ACRES OF TREES
2016 TREE HARVEST
- Oregon - 42,000 acres
- Washington - 18,000 acres
- Nationally - 350,000 acres
Oregon - 5.2 million trees
North Carolina - 3.5 million
Michigan - 3.0 million trees
Pennsylvania - 2.3 million
Washington - 1.5 million trees
PRODUCTION OF TREES IN THE
- Oregon - $90 million
- Washington - $18 million
- Douglas-fir - 32 percent
- Noble fir - 54 percent
- Grand fir - 5 percent
- Nordmann/Turkish fir - 4 percent
- All others - 2 percent
(Fraser fir, Nordmann fir, Concolor fir, Shasta fir, Silver fir,
Balsam fir, Turkish fir, Colorado blue and Norway spruce)
COUNTIES WITH GREATEST
PRODUCTION IN THE PACIFIC NORTHWEST
AVERAGE YEARS TO PRODUCE A
6-FOOT TREE IN THE PACIFIC NORTHWEST
- Oregon - Benton, Clackamas, Marion, Polk,
Yamhill and Linn
- Washington - Kitsap, Lewis, Mason and
- Douglas-fir - 7 years
- Grand fir - 8 years
- Noble fir - 9 years
- Concolor fir - 12 years
NUMBER OF GROWERS IN THE
- Oregon - 700
- Washington - 250
EXPORT OF PACIFIC
- Some 92 percent of all Pacific Northwest Christmas trees are
exported out of the region
- California is the Pacific Northwest's largest market
- Overseas and foreign markets include:
Japan, China, Hong Kong, Philippines, Hawaii,
Alaska, Mexico, Guam and Puerto Rico.
PACIFIC NORTHWEST CHRISTMAS TREES
- California - 45 percent
- Other Western - 10 percent (MT, ID, WY, NV, UT, AZ, NM, CO, AK,
- Gulf States - 9 percent (OK, TX, AR, LA, TN, MS, AL)
- Mexico - 16 percent
(23 percent of all Oregon Douglas-fir are shipped to Mexico)
- Atlantic States - 4 percent (MD, DE, WV, VA, NC, SC, GA,
NOTE: Because it is impossible to compile exact statistics on
harvest, acreage, sales and ranking of production by states, all
figures are estimates.
* Based on consumer surveys commissioned by the National
Christmas Tree Association.
GROWING, HARVESTING AND ENJOYING CHRISTMAS TREES
Christmas trees are now a crop much as is cotton, wheat,
soybeans or grass seed and the product offered to the consumer is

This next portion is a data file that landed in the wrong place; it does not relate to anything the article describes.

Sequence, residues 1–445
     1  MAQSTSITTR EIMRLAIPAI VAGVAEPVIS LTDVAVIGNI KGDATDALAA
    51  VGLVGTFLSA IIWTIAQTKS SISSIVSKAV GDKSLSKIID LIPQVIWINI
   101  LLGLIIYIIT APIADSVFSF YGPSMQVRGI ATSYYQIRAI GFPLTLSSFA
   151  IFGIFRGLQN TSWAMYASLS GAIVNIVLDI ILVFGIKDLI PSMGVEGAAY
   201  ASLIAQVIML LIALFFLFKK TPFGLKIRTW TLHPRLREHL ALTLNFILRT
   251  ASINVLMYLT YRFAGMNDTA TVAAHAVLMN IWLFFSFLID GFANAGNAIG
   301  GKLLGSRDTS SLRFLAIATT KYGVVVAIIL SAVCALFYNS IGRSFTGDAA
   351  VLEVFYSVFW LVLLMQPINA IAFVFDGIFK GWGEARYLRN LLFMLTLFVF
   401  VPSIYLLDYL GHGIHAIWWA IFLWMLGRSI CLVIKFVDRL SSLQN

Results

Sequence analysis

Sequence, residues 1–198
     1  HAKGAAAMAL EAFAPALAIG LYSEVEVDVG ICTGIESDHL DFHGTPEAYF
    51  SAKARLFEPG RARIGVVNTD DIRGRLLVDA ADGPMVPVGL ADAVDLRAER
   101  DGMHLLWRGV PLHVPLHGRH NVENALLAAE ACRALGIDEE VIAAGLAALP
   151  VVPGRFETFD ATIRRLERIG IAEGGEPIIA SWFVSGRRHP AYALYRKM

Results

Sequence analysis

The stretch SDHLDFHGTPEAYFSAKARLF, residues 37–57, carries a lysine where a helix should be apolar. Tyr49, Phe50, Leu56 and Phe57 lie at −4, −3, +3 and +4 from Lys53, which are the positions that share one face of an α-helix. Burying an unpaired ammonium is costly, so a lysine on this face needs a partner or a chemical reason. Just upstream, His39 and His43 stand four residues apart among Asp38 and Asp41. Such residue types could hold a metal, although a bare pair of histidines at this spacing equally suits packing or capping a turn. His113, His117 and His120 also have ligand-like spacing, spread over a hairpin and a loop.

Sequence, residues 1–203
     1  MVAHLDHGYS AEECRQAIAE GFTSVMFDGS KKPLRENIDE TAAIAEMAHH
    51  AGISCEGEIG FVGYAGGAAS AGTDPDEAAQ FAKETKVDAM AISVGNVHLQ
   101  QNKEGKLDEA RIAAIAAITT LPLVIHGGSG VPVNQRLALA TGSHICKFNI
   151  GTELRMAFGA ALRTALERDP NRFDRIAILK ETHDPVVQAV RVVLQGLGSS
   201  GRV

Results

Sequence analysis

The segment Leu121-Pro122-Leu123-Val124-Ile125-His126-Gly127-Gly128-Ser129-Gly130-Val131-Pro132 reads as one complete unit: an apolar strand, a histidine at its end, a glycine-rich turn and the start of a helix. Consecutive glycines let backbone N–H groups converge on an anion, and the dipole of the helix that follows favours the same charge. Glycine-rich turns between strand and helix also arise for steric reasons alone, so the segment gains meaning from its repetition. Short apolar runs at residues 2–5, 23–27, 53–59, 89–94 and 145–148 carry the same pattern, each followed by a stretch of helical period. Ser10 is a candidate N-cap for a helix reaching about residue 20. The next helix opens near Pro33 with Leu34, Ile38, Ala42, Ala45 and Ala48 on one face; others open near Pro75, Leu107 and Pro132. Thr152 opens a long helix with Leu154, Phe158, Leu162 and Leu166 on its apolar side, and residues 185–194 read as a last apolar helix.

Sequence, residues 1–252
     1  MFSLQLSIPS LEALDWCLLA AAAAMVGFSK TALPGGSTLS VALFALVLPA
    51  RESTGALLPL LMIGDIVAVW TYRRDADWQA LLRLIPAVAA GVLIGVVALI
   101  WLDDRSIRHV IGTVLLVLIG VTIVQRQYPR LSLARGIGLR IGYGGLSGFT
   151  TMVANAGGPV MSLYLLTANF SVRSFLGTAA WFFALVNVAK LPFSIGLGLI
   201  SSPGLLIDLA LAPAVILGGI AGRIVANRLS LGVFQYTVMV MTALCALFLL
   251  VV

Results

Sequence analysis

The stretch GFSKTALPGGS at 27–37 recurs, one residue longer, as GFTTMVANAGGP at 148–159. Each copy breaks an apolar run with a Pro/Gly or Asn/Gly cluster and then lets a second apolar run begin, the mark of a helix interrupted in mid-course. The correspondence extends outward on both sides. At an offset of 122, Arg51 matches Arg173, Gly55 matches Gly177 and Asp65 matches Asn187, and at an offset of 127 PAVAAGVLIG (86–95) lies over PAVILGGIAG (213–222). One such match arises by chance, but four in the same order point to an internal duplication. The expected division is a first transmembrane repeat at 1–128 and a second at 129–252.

of far better quality than the often thin and scraggly offerings of
yesteryear. Today's Christmas trees in the Pacific Northwest are
either planted row-on-row on neat farms in the valley flatlands and
rolling hills or, in regions where the terrain is rugged, in random
fashion. Regardless of the planting system - farms or "natural"
stands - the trees are given the same intensive cultural
Acreages range from as large as more than ten thousand acres to as
small as four to five acres. The Pacific Northwest (primarily
Oregon and Washington) is not only the largest, but also the finest
growing area in the nation.
Here, where the summers are long and sunny and the winters are
moist and cold, literally thousands of acres are planted to the
species of trees preferred by buyers around the world.
The Pacific Northwest is the world's largest producer of
Douglas-fir, but is also known for its Noble and Grand fir as well
as several varieties of pine and various other less well known
Of the estimated 30 million trees to be harvested by American
growers for the 2012 Christmas season, more than 8 million will
come from the farms and natural stands of the Pacific Northwest
Soon after Thanksgiving their trees appear on street corner lots,
nurseries, garden supply stores and department stores across the
nation as well as foreign countries.
Vendors at these outlets represent a wide range of interests.
Often they are professionals who market trees every year, but there
will also be a goodly sprinkling of Boy Scout troops, service
clubs, church groups and on-holiday college students who see
Christmas tree retailing as a way to fatten thin bank
In addition to corner lots and other retail vendors, thousands of
Christmas trees are sold from Choose & Cut farms across the
Selecting and cutting a Christmas tree at a nearby Choose &
Cut farm is an activity enjoyed by families of all types and income
Choose & Cut operators make the outing even more enjoyable by
providing such extras as free hot chocolate, coffee, candy canes
and the like.
Some also offer the free use of saws, will carry the tree to the